The puzzle can be solved with the help of small clue-numbers which are either placed on the border lines between selected pairs of neighbouring squares of the grid or placed after slash marks on. . . .

Can you work out how many cubes were used to make this open box? What size of open box could you make if you had 112 cubes?

Investigate the smallest number of moves it takes to turn these mats upside-down if you can only turn exactly three at a time.

Design an arrangement of display boards in the school hall which fits the requirements of different people.

Hover your mouse over the counters to see which ones will be removed. Click to remove them. The winner is the last one to remove a counter. How you can make sure you win?

Can you shunt the trucks so that the Cattle truck and the Sheep truck change places and the Engine is back on the main line?

What is the best way to shunt these carriages so that each train can continue its journey?

How will you go about finding all the jigsaw pieces that have one peg and one hole?

You have 4 red and 5 blue counters. How many ways can they be placed on a 3 by 3 grid so that all the rows columns and diagonals have an even number of red counters?

Can you find six numbers to go in the Daisy from which you can make all the numbers from 1 to a number bigger than 25?

What is the greatest number of counters you can place on the grid below without four of them lying at the corners of a square?

Is it possible to place 2 counters on the 3 by 3 grid so that there is an even number of counters in every row and every column? How about if you have 3 counters or 4 counters or....?

How many different triangles can you make on a circular pegboard that has nine pegs?

How long does it take to brush your teeth? Can you find the matching length of time?

Find the smallest whole number which, when mutiplied by 7, gives a product consisting entirely of ones.

What is the largest 'ribbon square' you can make? And the smallest? How many different squares can you make altogether?

Solve this Sudoku puzzle whose clues are in the form of sums of the numbers which should appear in diagonal opposite cells.

These practical challenges are all about making a 'tray' and covering it with paper.

Two sudokus in one. Challenge yourself to make the necessary connections.

There are nine teddies in Teddy Town - three red, three blue and three yellow. There are also nine houses, three of each colour. Can you put them on the map of Teddy Town according to the rules?

Use the clues to work out which cities Mohamed, Sheng, Tanya and Bharat live in.

Add or subtract the two numbers on the spinners and try to complete a row of three. Are there some numbers that are good to aim for?

Different combinations of the weights available allow you to make different totals. Which totals can you make?

Time for a little mathemagic! Choose any five cards from a pack and show four of them to your partner. How can they work out the fifth?

You need to find the values of the stars before you can apply normal Sudoku rules.

The number of plants in Mr McGregor's magic potting shed increases overnight. He'd like to put the same number of plants in each of his gardens, planting one garden each day. How can he do it?

Arrange 9 red cubes, 9 blue cubes and 9 yellow cubes into a large 3 by 3 cube. No row or column of cubes must contain two cubes of the same colour.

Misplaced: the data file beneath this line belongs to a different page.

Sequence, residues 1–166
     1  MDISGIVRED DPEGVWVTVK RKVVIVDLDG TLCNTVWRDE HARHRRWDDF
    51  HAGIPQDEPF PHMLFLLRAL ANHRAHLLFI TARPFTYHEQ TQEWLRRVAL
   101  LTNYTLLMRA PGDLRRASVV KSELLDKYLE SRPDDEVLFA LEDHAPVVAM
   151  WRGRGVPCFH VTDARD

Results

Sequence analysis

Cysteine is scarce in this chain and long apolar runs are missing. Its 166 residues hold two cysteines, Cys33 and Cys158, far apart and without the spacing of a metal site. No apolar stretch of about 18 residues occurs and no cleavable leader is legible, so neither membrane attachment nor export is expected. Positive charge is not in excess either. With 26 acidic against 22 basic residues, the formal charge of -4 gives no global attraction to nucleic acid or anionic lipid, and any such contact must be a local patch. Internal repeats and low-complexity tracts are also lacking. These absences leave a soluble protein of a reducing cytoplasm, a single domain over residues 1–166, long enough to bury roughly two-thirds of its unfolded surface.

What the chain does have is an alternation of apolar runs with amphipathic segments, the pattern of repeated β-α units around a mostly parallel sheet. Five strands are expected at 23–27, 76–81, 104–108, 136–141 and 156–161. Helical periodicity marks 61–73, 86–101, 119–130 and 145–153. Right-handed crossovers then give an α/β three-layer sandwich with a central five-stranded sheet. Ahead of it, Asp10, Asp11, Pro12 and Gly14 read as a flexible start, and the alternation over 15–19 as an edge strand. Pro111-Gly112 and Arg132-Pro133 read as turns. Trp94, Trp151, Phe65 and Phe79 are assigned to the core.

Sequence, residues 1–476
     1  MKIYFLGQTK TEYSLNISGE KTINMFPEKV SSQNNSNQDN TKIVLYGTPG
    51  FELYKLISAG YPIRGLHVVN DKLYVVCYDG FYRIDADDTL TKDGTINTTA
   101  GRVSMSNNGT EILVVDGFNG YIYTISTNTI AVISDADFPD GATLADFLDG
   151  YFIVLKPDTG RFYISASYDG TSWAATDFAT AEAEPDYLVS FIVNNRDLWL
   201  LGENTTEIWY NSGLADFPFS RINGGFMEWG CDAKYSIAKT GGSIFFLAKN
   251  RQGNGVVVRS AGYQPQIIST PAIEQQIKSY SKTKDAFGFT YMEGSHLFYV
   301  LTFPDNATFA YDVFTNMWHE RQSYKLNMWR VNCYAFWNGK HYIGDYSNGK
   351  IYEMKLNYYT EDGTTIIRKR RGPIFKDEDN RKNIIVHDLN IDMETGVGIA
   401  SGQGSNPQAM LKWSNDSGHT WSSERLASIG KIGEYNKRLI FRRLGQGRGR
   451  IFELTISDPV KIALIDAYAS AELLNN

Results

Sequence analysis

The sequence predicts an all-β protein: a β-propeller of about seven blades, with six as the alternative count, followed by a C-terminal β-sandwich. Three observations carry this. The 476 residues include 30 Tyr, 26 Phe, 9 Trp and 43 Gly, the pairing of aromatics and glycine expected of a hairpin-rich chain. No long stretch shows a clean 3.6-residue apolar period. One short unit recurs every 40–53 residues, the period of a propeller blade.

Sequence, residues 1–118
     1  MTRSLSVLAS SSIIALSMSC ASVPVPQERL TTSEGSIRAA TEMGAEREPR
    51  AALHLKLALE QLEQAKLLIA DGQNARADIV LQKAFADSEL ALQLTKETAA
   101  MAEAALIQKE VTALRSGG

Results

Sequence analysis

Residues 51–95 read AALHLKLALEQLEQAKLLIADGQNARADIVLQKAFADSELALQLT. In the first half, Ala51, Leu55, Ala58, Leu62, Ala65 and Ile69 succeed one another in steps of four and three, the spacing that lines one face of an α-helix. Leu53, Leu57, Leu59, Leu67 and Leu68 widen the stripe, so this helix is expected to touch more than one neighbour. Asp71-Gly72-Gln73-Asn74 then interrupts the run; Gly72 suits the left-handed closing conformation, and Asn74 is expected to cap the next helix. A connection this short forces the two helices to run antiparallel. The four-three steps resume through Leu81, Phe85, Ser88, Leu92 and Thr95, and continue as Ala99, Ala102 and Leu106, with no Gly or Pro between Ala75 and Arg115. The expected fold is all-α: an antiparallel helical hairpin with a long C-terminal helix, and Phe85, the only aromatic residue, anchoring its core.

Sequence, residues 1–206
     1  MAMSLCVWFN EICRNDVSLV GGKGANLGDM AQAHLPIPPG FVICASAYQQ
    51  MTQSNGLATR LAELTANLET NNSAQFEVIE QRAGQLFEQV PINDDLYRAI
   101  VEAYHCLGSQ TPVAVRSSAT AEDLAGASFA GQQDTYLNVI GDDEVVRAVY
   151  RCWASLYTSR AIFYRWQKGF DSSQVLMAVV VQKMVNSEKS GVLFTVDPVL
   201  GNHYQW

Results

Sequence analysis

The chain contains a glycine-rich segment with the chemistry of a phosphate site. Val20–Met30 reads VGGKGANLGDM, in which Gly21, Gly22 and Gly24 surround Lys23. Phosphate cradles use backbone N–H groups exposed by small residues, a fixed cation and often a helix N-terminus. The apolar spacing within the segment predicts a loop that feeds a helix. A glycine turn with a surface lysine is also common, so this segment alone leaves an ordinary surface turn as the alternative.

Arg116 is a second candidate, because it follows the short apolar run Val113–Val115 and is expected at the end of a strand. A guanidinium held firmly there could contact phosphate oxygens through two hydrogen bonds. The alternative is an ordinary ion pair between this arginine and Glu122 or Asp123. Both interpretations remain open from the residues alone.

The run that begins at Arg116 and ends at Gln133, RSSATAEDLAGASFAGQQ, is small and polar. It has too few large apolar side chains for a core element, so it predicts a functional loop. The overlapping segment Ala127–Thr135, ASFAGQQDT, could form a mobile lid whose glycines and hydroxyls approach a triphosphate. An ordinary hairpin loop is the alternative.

This article for teachers describes several games, found on the site, all of which have a related structure that can be used to develop the skills of strategic planning.

Mr McGregor has a magic potting shed. Overnight, the number of plants in it doubles. He'd like to put the same number of plants in each of three gardens, planting one garden each day. Can he do it?

10 space travellers are waiting to board their spaceships. There are two rows of seats in the waiting room. Using the rules, where are they all sitting? Can you find all the possible ways?

Swap the stars with the moons, using only knights' moves (as on a chess board). What is the smallest number of moves possible?

The NRICH team are always looking for new ways to engage teachers and pupils in problem solving. Here we explain the thinking behind maths trails.

Can you put the 25 coloured tiles into the 5 x 5 square so that no column, no row and no diagonal line have tiles of the same colour in them?

60 pieces and a challenge. What can you make and how many of the pieces can you use creating skeleton polyhedra?

Place eight dots on this diagram, so that there are only two dots on each straight line and only two dots on each circle.

Seven friends went to a fun fair with lots of scary rides. They decided to pair up for rides until each friend had ridden once with each of the others. What was the total number rides?

Put 10 counters in a row. Find a way to arrange the counters into five pairs, evenly spaced in a row, in just 5 moves, using the rules.

This pair of linked Sudokus matches letters with numbers and hides a seasonal greeting. Can you find it?

Only one side of a two-slice toaster is working. What is the quickest way to toast both sides of three slices of bread?

A game for 2 people. Take turns placing a counter on the star. You win when you have completed a line of 3 in your colour.

Arrange the four number cards on the grid, according to the rules, to make a diagonal, vertical or horizontal line.

Rather than using the numbers 1-9, this sudoku uses the nine different letters used to make the words "Advent Calendar".

Make a pair of cubes that can be moved to show all the days of the month from the 1st to the 31st.

Can you arrange the digits 1, 1, 2, 2, 3 and 3 to make a Number Sandwich?

Take a rectangle of paper and fold it in half, and half again, to make four smaller rectangles. How many different ways can you fold it up?

Investigate the different numbers of people and rats there could have been if you know how many legs there are altogether!